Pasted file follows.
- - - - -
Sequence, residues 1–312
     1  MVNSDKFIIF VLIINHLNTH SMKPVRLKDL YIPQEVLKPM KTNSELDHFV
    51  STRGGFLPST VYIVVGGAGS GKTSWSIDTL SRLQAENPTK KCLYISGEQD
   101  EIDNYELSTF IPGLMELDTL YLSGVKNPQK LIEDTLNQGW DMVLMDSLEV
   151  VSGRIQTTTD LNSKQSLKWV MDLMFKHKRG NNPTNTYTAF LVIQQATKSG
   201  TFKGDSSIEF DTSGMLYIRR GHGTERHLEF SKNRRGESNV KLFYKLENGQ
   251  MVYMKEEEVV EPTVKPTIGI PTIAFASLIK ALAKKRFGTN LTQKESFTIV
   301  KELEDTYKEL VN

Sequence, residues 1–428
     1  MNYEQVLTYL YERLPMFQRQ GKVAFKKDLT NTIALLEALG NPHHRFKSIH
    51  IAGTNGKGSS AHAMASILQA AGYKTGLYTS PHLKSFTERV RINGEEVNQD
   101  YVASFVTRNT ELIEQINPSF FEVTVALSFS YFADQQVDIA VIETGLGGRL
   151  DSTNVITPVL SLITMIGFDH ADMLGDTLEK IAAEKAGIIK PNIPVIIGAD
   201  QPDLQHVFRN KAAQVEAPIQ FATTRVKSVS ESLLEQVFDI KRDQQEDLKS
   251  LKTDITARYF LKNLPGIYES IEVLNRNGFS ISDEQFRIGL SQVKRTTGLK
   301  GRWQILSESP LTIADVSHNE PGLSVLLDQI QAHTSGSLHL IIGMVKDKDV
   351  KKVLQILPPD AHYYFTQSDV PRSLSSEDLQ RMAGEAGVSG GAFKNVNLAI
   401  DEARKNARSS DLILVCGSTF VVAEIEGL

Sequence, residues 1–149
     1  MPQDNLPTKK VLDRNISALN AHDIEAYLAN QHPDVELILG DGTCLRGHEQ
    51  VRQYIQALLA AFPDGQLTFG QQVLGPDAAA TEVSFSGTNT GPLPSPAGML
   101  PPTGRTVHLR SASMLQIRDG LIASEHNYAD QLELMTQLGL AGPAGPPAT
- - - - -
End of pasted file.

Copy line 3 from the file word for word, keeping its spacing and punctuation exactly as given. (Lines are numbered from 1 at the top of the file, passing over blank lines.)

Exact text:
    51  STRGGFLPST VYIVVGGAGS GKTSWSIDTL SRLQAENPTK KCLYISGEQD